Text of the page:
Wage theft occurs when employers withhold wages owed to workers. It is an unscrupulous practice that costs plenty of Americans billions of dollars every year. Despite this, employers are rarely penalized and any penalties that employers do receive amount to only a very small portion of the wages actually due the employees. In fact, according to the Department of Labor, the penalty for those employers who are found guilty of wage theft is a mere $1,000 for every violation.
To emphasize the severity of this crime, research conducted by the Economic Policy Institute showed that 2.4 million employees in the 10 largest states in the United States lost a mind-boggling $8 million to one particular form of wage theft — not paying minimum wage. In Pennsylvania and Texas, the study found that the average employee lost 30% of their annual wages to wage theft.
How do you know if you’re a victim of wage theft?
If you are concerned that your employer might not be paying your full wages, you can take a look at your past paychecks. Look closely at the hours you worked and check if your pay matches the hourly you actually worked at your agreed hourly and overtime rates. If you pay does not make sense, then you can talk to your employer first before taking further action. It is possible, but unlikely, that your employer committed an innocent error in calculating your pay and will pay you for your missing wages.
However, most employers refuse to pay you the wages you have earned. You can then recover your unpaid wages by hiring a skilled employment lawyer to help you claim your unpaid wages. This step is important as an employment lawyer can best build your case against the employer to recover all wages due you that you have earned..
So, what are some of the different ways employers fail to pay all wages due their employees? Here are some of the most common methods of wage theft:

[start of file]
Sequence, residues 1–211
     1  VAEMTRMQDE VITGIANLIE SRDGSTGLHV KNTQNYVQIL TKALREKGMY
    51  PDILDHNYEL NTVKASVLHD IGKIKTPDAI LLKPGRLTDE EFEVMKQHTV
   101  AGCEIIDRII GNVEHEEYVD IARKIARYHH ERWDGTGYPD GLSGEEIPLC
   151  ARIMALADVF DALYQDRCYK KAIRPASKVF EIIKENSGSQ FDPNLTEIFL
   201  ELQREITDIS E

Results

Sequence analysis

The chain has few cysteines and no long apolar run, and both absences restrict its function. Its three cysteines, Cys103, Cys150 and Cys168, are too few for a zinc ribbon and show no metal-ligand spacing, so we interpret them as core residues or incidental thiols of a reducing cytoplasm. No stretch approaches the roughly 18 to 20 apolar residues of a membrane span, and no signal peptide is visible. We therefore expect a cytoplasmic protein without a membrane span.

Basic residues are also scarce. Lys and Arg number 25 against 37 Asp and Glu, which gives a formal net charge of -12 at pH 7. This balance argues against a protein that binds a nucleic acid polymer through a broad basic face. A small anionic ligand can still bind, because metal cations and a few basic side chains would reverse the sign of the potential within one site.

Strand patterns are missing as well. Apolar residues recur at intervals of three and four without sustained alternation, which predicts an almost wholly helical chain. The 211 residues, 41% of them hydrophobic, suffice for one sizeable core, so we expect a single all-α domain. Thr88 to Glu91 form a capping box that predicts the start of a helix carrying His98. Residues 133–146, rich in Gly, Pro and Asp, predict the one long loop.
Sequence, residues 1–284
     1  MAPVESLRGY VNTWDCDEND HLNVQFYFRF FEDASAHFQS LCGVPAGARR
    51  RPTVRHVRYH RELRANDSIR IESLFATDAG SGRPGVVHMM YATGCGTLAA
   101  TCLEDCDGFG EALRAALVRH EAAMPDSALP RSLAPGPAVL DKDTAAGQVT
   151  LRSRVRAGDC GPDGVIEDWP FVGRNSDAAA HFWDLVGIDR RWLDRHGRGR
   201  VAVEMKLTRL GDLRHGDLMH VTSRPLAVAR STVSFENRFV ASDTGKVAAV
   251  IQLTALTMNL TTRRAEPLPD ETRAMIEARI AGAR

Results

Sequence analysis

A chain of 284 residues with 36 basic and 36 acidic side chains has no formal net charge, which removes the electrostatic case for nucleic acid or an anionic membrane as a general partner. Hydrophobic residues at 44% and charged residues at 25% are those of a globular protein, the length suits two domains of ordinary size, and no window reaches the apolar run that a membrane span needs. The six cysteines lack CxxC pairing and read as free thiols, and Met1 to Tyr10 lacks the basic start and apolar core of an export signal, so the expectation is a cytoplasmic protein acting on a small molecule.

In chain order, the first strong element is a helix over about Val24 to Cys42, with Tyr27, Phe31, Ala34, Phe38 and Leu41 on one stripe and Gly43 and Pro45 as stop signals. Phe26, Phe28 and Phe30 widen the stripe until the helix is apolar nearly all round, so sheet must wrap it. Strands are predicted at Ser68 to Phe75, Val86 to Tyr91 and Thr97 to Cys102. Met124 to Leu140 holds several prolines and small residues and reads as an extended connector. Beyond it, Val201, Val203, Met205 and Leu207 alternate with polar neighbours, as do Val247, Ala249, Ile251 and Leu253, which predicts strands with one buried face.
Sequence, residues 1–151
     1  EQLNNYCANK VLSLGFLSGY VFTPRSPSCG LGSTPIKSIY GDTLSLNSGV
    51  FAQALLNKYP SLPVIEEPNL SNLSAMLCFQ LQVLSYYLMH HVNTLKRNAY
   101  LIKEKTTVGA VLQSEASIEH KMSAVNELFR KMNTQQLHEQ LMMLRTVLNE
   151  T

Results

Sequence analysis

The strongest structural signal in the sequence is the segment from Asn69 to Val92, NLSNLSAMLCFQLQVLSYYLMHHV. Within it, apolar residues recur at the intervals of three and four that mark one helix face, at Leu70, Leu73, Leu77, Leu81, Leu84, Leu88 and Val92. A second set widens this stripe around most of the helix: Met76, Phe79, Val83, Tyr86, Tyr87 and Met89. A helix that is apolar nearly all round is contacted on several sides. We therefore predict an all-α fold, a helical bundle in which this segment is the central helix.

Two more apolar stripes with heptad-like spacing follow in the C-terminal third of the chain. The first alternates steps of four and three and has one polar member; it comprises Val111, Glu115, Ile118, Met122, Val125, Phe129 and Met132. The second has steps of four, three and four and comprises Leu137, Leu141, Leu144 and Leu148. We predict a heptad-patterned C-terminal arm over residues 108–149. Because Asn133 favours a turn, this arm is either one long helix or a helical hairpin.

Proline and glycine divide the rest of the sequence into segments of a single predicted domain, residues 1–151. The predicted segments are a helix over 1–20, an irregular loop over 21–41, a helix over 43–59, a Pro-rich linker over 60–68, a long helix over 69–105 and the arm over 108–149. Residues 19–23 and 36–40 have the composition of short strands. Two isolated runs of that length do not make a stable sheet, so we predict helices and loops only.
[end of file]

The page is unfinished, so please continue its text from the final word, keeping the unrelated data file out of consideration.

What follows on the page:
1) Withholding overtime pay
Both blue-collar and white-collar employees are eligible to receive overtime pay for time worked over 40 hours a week, unless they are categorized as exempt from the Fair Labor Standards Act. This means that employers must pay employees 1.5 times their regular hourly rate of pay for all hours worked in excess of forty hours per week. Employers often cheat employees by not paying any overtime or miscalculating any overtime that employers actually pay.
2) Minimum wage violations
Employers must pay employees at least the applicable minimum hourly rate for any and all work performed. This means you are entitled to the highest rate of minimum wage hourly pay, regardless if it is federal, state or in some cases, city minimum wage. An employment lawyer can confirm the minimum wage hourly rate which applies to you if you have questions.
3) Working off the clock
Employers must pay employees for all work they perform. It is illegal for employers to require employees to work off the clock. Off-the-clock work occurs when employees perform work when they are not clocked into the employer’s timekeeping system and/or cannot include the work on their timesheets. The law defines “work” broadly. For example, courts have held that employers must pay employees for the time it takes to put on required uniforms and/or gear if employees get dressed at the workplace, the time it takes to pass through metal detectors or bag checks at the end of the workday, and the time it takes to boot up and down work computers. Another way employers require employees to work off the clock is employers automatically deduct a meal period (often 30 minutes) from employees’ time entries, but the employees actually work during the 30 minutes. This illegal practice is common in health care and nursing homes. This practice is illegal. .
4) Illegal deductions
Paycheck deductions should never leave employees receiving less than the minimum wage per hour of work. Employers who take unauthorized deductions from employees’ paychecks violate the law. The wage deduction law varies between states. You should contact an employment lawyer if you have questions about your wage deductions.
5) Not getting paid
Simply put, the employer must pay you for all work you perform. Obviously, it is illegal for employers not to pay you for your work. This is a common form of wage theft.
If you are concerned that you are a victim of wage theft, then you should immediately talk to an employment lawyer. Rowdy Meeks Legal Group LLC has extensive experience in vigorously prosecuting wage theft. You can visit their website and contact them at https://www.rmlegalgroup.com/.